Discouragement leads to a kind of malaise or lack of energy and motivation. Many people add another cup of coffee to help jumpstart the inertia. In addition to your choice about a healthy amount of coffee, you can gain energy yourself with an action plan. That is always my own first step. When we are confronted with a challenge, problem, or hindrance, we can move ourselves into action by the simple act of writing down our plan. What needs to be done with that particular problem? What part is most urgent? What are the priorities? What is the follow-up? What contacts need to be made? What correspondence? What is the most difficult or emotional part of the problem? When we have discouragement and low motivation, it’s surprisingly difficult to implement an action plan, even for those who normally breeze through work projects. It seems simple enough, and maybe even obvious, but when you are discouraged, you don’t feel like you have the energy or motivation to begin. The action plan (and perhaps the cup of coffee) will help you begin and face the problems at hand.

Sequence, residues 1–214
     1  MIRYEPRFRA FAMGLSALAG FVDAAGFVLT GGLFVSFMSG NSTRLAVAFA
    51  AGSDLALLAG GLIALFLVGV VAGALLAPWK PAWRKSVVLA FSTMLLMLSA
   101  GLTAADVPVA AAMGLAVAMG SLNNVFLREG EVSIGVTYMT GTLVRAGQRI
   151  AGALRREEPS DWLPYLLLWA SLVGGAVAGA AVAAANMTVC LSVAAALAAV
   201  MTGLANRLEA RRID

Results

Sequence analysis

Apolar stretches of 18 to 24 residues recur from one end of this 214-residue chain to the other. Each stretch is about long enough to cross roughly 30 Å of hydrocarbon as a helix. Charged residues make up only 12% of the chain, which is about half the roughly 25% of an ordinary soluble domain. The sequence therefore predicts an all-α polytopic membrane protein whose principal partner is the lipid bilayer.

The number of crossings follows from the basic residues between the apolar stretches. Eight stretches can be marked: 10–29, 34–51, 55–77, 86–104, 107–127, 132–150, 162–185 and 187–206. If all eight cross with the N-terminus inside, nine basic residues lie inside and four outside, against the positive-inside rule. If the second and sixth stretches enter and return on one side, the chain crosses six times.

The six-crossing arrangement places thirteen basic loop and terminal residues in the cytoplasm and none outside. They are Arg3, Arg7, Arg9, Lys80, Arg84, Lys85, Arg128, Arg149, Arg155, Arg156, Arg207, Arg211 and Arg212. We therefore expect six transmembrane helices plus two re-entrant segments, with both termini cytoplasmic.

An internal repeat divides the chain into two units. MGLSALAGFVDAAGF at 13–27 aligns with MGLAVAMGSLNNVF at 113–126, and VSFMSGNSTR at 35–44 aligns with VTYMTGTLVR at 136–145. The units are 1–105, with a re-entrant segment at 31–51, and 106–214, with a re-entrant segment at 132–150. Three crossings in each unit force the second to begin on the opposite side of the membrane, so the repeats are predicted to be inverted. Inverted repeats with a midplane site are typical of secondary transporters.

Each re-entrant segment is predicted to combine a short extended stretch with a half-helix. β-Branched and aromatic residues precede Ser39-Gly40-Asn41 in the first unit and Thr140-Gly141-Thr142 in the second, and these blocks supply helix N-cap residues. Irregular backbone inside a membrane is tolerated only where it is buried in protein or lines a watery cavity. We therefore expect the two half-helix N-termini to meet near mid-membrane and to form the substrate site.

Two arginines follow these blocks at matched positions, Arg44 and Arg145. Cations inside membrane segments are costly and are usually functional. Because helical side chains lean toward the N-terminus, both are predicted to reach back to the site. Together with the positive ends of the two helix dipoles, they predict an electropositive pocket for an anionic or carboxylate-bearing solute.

When we have personal aspects that are making the situation more challenging, then it may be necessary to address them in therapy. Some of these more complex circumstances might be more severe anxiety, depression, or other more complex emotional factors. Self care, too is an important consideration. Part of the action plan can be your self care efforts: being careful about hydration, nutrition, sleep, and exercise. It’s when we are overwhelmed or discouraged, that we forget these essentials.

I have been surprised to realize how important it is to do the simple act of consciously refocusing attention. Many, if not all, of the recommendations for self critical or negative thinking and obsessive thinking tendencies that I have seen and made use of in psychotherapy, begin with refocusing. If you realize that you are not motivated, have low energy, or are discouraged, then the first thing you can make an effort to do is refocus your attention. A good first step is to refocus onto your action plan. And you can refocus on self care. However, in addition to those practical and healthy options, there are three possibilities that don’t usually come to mind when we are discouraged: gratitude, appreciation and wonder.